I was joined on BBC Talkback during the week by Professor Rick Wilford, who perhaps made the most important point of the whole Renewable Heat Incentive crisis – it is essential to distinguish between the Executive and the Legislature (Assembly).
We have not been inclined to do this properly in the past because the same parties have made up both. However, the distinction is essential.
The Executive consists of Ministers who, to quote the current First Minister, “decide”. The Ministers decide on policy programmes and individual policies, and on legislative priorities and individual laws and regulations. This is central to democracy, because Ministers are accountable to the electorate and thus responsible for the outcomes of what they “decide”.
The legislature, in the case of Northern Ireland, consists of MLAs, who “scrutinise”. They do this primarily through committees aligned to each Ministry, though also in plenary session. It would of course be impossible for MLAs to be across every detail, not least because even when they ask for that detail they are not always given it by Ministers who recognise they are accountable and may not wish to be too closely challenged. Realistically, the best MLAs can do is assess the broad policy direction of the Executive versus stated objectives, and then ask why stated objectives are not being met. That is why again it is for Ministers specifically, with all information open to them, that (again to quote the current First Minister) “detail matters”.
It is worth noting in this case that MLAs were told, from 2012, that the scheme had to be different in Northern Ireland due to consultants’ advice on the state of renewables in Northern Ireland; (implicitly) that any financial risk would be reviewed annually and met by the Treasury (explicitly they were told “parity would not be affected”, which in context has this meaning and was indeed what civil servants advising believed); and that the scheme was largely (actually 98%) the same. Notably, there were MLAs at this time raising concerns about the quality of general advice in such areas given the absence in NI of an independent Environmental Protection Agency (uniquely in the UK); and when one MLA (Steven Agnew) raised a specific concern in a Written Question about the exact nature of the incentive in September 2013 the Minister, frankly, fobbed him off in response. So actually MLAs did raise general and even specific concerns – they did their job as scrutinisers and continue to do so now (for example through the Public Accounts Committee).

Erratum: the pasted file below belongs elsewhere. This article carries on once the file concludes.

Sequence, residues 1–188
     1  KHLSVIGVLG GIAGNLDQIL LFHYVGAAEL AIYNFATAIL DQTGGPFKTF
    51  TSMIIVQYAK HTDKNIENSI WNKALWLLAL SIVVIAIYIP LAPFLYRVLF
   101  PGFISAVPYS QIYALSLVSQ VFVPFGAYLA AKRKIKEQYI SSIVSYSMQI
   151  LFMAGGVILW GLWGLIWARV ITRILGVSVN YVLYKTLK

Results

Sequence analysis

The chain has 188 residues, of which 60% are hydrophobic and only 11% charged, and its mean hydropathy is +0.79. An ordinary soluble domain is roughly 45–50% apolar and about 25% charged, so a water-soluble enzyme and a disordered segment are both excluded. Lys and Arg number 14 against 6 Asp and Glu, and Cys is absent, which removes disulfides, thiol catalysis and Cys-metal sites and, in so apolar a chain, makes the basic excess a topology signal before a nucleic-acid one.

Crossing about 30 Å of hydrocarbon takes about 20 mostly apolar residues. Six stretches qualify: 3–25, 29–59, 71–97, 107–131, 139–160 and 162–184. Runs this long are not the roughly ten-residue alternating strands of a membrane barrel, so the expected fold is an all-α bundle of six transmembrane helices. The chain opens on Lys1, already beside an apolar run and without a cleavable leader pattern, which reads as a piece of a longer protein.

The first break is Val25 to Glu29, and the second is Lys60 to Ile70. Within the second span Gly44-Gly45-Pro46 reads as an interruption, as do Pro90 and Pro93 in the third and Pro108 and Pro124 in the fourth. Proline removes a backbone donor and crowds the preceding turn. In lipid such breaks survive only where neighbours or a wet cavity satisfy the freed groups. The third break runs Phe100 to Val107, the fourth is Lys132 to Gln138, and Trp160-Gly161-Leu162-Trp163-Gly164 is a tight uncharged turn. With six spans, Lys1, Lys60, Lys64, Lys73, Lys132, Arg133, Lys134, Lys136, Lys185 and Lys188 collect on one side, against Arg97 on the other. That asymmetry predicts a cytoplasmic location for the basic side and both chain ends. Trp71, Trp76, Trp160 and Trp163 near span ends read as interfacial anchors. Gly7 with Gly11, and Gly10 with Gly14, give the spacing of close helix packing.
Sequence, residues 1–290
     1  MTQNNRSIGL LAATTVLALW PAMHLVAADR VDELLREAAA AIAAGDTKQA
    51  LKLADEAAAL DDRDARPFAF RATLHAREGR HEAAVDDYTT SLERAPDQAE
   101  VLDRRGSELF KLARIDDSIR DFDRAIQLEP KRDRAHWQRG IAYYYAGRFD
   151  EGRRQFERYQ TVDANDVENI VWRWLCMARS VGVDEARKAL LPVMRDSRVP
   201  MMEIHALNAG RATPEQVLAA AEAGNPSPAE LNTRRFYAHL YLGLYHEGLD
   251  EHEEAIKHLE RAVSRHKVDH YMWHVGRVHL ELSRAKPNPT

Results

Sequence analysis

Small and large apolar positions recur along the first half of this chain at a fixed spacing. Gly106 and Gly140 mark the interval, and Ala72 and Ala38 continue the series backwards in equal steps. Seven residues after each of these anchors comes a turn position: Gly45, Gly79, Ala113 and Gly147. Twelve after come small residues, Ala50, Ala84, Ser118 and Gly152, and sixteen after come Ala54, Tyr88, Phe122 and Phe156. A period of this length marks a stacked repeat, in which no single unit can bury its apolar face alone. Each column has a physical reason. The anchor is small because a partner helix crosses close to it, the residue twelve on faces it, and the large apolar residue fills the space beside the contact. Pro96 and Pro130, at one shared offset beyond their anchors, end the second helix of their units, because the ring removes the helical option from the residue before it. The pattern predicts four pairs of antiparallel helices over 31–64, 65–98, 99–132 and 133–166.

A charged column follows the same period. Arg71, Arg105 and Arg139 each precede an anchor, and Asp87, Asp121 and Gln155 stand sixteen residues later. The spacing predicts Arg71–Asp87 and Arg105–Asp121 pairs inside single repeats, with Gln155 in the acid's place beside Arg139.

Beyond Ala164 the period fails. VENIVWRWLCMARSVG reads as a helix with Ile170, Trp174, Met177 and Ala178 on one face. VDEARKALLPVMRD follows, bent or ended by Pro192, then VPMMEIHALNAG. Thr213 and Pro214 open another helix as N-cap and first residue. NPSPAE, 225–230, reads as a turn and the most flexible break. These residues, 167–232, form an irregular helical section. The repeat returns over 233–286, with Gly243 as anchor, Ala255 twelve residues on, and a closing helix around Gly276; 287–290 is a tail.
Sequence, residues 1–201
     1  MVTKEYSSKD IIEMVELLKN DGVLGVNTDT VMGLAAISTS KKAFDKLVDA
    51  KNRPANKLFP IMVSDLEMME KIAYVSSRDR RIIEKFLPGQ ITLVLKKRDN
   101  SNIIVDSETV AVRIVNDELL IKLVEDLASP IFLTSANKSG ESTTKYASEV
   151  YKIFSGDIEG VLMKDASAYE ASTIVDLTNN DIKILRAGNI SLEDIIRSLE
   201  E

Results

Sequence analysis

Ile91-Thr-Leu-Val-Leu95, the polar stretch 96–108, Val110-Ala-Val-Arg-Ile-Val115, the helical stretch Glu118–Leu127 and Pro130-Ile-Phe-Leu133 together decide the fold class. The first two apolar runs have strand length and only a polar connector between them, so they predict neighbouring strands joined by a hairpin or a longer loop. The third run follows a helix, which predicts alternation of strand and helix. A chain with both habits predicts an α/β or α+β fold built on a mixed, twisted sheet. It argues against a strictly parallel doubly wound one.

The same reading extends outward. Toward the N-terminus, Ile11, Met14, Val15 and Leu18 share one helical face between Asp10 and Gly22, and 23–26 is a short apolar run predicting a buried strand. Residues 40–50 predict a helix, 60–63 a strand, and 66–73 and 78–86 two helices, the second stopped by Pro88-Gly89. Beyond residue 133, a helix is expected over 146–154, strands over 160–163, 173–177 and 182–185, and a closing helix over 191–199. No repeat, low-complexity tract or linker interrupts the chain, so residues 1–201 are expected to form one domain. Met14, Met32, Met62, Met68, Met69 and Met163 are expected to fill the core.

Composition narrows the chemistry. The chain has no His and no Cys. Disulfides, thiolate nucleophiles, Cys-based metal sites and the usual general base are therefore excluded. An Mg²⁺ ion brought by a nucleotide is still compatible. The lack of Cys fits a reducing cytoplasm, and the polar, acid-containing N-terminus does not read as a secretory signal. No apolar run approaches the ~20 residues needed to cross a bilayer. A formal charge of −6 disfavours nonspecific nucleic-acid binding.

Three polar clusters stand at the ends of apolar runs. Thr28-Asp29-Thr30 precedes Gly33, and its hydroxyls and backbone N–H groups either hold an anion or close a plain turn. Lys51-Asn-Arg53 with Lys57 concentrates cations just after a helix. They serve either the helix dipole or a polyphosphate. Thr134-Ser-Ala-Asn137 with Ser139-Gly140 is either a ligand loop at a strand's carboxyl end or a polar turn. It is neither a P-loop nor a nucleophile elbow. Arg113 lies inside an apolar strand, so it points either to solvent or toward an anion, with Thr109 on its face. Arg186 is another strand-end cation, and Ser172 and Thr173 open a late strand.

Where it went wrong was at Ministerial level, the level at which the Minister looks at the detail and decides. The detail told the Minister that the removal of cost controls meant there was a perverse incentive, though this would be reviewed annually. The detail told the Minister that the funding was not in fact subject to Annually Managed Expenditure (the type to which “parity” is relevant) and any risk was therefore to be met from Northern Ireland’s devolved budget. And the detail told the Minister that her advice was in any case flawed, as it was not sufficiently independent (and subsequently not sufficiently regular, as she failed to ensure the annual reviews actually took place).
In other words, it is the Minister who needs to recognise that “detail matters” and the Minister who “decides”, and this Minister decided to implement a flawed scheme and fund it from the devolved budget excluding cost controls without reviewing it regularly. Thus it is the Minister alone who is to be held responsible for the consequences of ignoring the detail and making poor decisions.
The Executive is thus responsible for decisions such as moving a Department against the Business Case, continuing to train too many teachers in segregated institutions, overspending on the Social Investment Fund, announcing an Air Ambulance without sufficient medical staffing and so on (over and above this latest scandal and others) – financial waste which means cancer drugs go unfunded, further education courses are cut and crucial youth intervention programmes are slashed.
Ultimately who is to blame? Well, unfortunately, the electorate. It was the voters who returned this Executive. Those who want competent government can only hope they choose more carefully next time…
Wishing all readers, no matter how they voted or even if they didn’t, a very merry Christmas.